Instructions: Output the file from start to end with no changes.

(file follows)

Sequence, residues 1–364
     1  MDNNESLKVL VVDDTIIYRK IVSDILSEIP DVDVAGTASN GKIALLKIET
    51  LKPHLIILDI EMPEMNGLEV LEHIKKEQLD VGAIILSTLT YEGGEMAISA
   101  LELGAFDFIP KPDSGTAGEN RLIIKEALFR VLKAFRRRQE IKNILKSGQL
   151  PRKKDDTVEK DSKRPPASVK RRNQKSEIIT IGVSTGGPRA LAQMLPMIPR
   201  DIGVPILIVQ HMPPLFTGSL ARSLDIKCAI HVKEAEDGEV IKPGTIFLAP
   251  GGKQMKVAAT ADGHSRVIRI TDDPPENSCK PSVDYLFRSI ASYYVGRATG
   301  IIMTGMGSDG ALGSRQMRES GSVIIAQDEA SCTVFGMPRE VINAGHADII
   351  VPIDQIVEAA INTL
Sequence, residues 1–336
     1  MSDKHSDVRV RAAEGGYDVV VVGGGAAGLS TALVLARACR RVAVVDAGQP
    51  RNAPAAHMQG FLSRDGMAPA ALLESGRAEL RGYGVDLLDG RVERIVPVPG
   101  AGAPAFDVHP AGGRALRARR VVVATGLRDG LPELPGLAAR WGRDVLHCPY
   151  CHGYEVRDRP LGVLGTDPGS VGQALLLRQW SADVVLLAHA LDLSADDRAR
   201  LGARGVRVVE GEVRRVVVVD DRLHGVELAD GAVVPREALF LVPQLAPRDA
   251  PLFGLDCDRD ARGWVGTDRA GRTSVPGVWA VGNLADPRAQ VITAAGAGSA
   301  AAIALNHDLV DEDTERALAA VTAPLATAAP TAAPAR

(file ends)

Sequence, residues 1–364
     1  MDNNESLKVL VVDDTIIYRK IVSDILSEIP DVDVAGTASN GKIALLKIET
    51  LKPHLIILDI EMPEMNGLEV LEHIKKEQLD VGAIILSTLT YEGGEMAISA
   101  LELGAFDFIP KPDSGTAGEN RLIIKEALFR VLKAFRRRQE IKNILKSGQL
   151  PRKKDDTVEK DSKRPPASVK RRNQKSEIIT IGVSTGGPRA LAQMLPMIPR
   201  DIGVPILIVQ HMPPLFTGSL ARSLDIKCAI HVKEAEDGEV IKPGTIFLAP
   251  GGKQMKVAAT ADGHSRVIRI TDDPPENSCK PSVDYLFRSI ASYYVGRATG
   301  IIMTGMGSDG ALGSRQMRES GSVIIAQDEA SCTVFGMPRE VINAGHADII
   351  VPIDQIVEAA INTL
Sequence, residues 1–336
     1  MSDKHSDVRV RAAEGGYDVV VVGGGAAGLS TALVLARACR RVAVVDAGQP
    51  RNAPAAHMQG FLSRDGMAPA ALLESGRAEL RGYGVDLLDG RVERIVPVPG
   101  AGAPAFDVHP AGGRALRARR VVVATGLRDG LPELPGLAAR WGRDVLHCPY
   151  CHGYEVRDRP LGVLGTDPGS VGQALLLRQW SADVVLLAHA LDLSADDRAR
   201  LGARGVRVVE GEVRRVVVVD DRLHGVELAD GAVVPREALF LVPQLAPRDA
   251  PLFGLDCDRD ARGWVGTDRA GRTSVPGVWA VGNLADPRAQ VITAAGAGSA
   301  AAIALNHDLV DEDTERALAA VTAPLATAAP TAAPAR